Geospatial is more broadly use to refer to all technologies and applications of geographic data. For example, popular social media sites such as Foursquare and Facebook use “check-ins” that allow their users the ability to geographically tag their statuses. While those applications are considered to be geospatial, they don’t fall underneath the stricter definition of what makes up a geographic information system.

Other quotes to answer “What is GIS?”

“In the strictest sense, a GIS is a computer system capable of assembling, storing, manipulating, and displaying geographically referenced information, i.e. data identified according to their locations. Practitioners also regard the total GIS as including operating personnel and the data that go into the system.” ~ USGS

A geographic information system (GIS) is a computer-based tool for mapping and analyzing things that exist and events that happen on earth. GIS technology integrates common database operations such as query and statistical analysis with the unique visualization and geographic analysis benefits offered by maps.” ~ ESRI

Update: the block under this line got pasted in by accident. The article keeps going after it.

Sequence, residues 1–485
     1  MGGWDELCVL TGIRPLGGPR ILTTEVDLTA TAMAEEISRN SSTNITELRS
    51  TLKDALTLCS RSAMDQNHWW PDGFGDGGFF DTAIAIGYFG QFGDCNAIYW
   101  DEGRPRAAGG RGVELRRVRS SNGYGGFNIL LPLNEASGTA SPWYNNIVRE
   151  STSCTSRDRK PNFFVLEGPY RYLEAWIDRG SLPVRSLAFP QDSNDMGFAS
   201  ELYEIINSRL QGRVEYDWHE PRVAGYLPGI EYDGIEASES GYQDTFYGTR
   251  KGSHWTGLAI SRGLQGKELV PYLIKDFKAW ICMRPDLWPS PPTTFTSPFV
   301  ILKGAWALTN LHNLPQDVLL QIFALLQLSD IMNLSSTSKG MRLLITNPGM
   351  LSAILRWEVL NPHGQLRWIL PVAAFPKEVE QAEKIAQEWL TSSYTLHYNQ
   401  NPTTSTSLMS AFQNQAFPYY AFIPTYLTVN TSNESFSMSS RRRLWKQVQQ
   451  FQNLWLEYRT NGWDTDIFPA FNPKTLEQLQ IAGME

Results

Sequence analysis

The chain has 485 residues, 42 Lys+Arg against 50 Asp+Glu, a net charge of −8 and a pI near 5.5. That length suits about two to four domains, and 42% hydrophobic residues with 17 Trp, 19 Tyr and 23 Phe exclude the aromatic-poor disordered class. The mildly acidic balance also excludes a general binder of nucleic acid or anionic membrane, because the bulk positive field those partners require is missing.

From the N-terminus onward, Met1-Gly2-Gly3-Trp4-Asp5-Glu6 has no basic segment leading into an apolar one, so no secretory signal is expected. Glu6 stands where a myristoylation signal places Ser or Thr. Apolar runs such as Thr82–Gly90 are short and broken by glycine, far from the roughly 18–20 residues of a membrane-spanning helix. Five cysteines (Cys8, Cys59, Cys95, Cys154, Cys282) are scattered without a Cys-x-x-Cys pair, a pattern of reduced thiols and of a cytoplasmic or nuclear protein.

“GIS is an integrated system of computer hardware, software, and trained personnel linking topographic, demographic, utility, facility, image and other resource data that is geographically referenced.” ~ NASA

A geographic information system is a special case of information systems where the database consists of observations on spatially distributed features, activities or events, which are definable in space as points, lines, or areas. A geographic information system manipulates data about these points, lines, and areas to retrieve data for ad hoc queries and analyses” (Kenneth Dueker,Portland State University, 1979).

GIS has already affected most of us in some way without us even realizing it. If you’ve ever using an Internet mapping program to find directions, congratulations, you’ve personally used GIS. The new supermarket chain on the corner was probably located using GIS to determine the most effective place to meet customer demand.

Why GIS is a Big Deal?

In one of our recent trainings, a student asked me why GIS is a big deal. The thing about GIS is that its a cross-cutting skill that complements many professions